IN TWO key respects, Thursday’s confirmation hearing of Federal Reserve chairman-designate Janet Yellen before the Senate Banking Committee was perfectly unsurprising. First, through her temperate demeanor and command of the many issues facing the central bank, Ms. Yellen lived up to her billing as a first-rate academic economist with the personal qualities necessary to lead the Fed’s sometimes contentious board.
Second, to the extent she expressed any policy views, they were broadly consistent with her reputation as what you might call an evidence-based monetary dove. She conceded that the Fed’s controversial asset-purchasing strategy, known as quantitative easing, can’t go on forever. But citing persistent high unemployment, she added that “supporting the recovery today is the surest path to returning to a more normal approach to monetary policy” in the long run. “I believe it could be costly to withdraw accommodation or to fail to provide adequate accommodation,” she noted.
If there was any surprise, or disappointment, in the proceedings, it was the committee’s performance. The biggest question likely to face Ms. Yellen during her prospective four-year term is how much longer to continue unconventional policies and how to unwind them when the time comes. A close second, in our view, is the future of the Fed’s efforts to manage market expectations through public statements and other communications — efforts with which Ms. Yellen has been closely associated intellectually but which went awry over the summer when Chairman Ben S. Bernanke first raised, then dashed, investors’ expectations of a slowdown in asset purchases.
Yet the senators’ questions emphasized the Fed’s role as a bank regulator — an important topic, to be sure, but also one with respect to which the Fed does not have unique responsibility, as it does regarding monetary policy. In any case, several committee members seemed to view regulatory matters disproportionately from the perspective of their home-state interests.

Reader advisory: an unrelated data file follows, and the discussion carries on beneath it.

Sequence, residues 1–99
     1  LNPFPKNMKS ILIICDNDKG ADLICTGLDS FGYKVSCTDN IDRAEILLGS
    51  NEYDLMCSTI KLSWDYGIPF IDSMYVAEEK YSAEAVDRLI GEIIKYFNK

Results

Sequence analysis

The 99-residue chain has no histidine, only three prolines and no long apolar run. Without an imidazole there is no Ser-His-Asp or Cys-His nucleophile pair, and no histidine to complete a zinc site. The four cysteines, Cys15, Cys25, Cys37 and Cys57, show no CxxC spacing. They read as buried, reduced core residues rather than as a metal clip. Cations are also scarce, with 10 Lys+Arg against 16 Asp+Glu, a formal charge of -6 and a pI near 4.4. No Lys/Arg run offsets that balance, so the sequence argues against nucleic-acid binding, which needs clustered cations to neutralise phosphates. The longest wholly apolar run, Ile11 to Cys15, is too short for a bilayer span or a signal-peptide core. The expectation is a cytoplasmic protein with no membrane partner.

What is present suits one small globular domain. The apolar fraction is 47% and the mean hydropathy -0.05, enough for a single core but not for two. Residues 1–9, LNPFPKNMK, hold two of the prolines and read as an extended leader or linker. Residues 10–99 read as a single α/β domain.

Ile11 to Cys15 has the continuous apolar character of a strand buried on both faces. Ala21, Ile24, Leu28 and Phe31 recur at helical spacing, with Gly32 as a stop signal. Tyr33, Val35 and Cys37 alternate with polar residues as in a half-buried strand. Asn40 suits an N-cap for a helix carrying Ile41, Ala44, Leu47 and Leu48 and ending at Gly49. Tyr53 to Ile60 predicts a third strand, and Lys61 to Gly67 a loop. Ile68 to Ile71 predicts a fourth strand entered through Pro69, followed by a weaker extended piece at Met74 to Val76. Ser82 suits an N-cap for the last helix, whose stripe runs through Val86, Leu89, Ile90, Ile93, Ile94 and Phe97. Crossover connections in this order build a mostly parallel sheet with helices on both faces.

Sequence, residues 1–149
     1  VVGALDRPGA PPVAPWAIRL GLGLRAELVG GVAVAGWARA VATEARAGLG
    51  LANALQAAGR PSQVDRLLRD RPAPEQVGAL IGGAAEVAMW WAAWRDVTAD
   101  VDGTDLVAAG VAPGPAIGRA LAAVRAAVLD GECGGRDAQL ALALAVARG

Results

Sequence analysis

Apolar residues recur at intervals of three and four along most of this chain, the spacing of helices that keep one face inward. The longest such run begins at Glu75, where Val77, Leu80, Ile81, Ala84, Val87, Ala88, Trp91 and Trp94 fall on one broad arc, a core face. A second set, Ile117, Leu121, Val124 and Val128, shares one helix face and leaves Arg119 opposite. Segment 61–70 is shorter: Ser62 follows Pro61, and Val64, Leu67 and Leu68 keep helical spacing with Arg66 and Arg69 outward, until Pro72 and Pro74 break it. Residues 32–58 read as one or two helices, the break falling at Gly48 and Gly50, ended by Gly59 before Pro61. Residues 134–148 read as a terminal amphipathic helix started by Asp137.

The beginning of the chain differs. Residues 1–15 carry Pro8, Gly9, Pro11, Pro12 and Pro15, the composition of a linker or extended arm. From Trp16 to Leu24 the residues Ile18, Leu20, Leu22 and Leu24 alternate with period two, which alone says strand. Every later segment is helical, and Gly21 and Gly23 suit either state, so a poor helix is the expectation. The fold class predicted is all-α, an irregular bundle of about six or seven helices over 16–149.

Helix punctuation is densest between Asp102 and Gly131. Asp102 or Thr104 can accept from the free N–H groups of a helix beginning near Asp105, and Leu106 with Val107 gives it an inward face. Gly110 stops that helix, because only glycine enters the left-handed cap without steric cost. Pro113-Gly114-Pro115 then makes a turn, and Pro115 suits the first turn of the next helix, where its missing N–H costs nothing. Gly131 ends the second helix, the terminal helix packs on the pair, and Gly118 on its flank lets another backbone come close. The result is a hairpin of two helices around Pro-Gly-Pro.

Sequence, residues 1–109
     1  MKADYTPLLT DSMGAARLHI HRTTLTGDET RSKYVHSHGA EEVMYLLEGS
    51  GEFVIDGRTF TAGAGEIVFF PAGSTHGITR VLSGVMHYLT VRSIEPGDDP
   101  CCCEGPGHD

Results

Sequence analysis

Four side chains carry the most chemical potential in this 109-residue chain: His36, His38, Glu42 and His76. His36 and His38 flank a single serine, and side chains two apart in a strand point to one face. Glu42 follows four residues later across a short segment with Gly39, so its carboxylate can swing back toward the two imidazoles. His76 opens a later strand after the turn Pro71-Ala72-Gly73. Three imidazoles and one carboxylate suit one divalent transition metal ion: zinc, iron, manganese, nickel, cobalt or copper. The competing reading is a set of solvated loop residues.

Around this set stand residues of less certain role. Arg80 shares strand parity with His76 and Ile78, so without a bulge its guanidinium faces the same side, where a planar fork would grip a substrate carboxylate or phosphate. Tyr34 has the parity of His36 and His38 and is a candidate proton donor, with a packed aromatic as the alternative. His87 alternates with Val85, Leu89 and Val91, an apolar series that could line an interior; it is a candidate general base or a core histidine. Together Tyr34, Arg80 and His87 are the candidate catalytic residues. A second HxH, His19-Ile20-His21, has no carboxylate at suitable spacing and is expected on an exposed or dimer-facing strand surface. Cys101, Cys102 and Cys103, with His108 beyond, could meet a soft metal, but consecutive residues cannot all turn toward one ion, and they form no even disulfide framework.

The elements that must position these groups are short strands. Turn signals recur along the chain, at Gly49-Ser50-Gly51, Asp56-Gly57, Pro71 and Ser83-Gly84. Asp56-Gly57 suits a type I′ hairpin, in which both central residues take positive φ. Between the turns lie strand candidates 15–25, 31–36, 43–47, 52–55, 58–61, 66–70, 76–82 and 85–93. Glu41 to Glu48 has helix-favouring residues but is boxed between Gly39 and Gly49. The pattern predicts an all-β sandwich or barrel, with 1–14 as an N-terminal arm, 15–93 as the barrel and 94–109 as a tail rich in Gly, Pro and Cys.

There’s a limit to how much Ms. Yellen — or any other nominee — could have committed herself on any subject; within those prudential constraints, she tried to be as forthcoming as possible. Still, there’s a striking contrast between the vast power the Fed necessarily assumed to prevent the collapse of the U.S. economy half a decade ago and the little we know specifically about how and why Ms. Yellen will exercise that power.
Thursday’s hearing included many allusions to the potential pitfalls of quantitative easing: a possible regressive impact on wealth distribution; a possible encouragement of asset bubbles; a possible negative impact on savers greater than its benefits to job-seekers. It produced little in the way of definitive answers to these concerns, beyond reassuring the public that Ms. Yellen is well aware of the risks the Fed is taking and well-equipped, by experience and intellect, to weigh them against potential benefits.
In short, the Fed has taken the country into uncharted waters, but no one could be better positioned than Janet Yellen to figure out how to sail through them.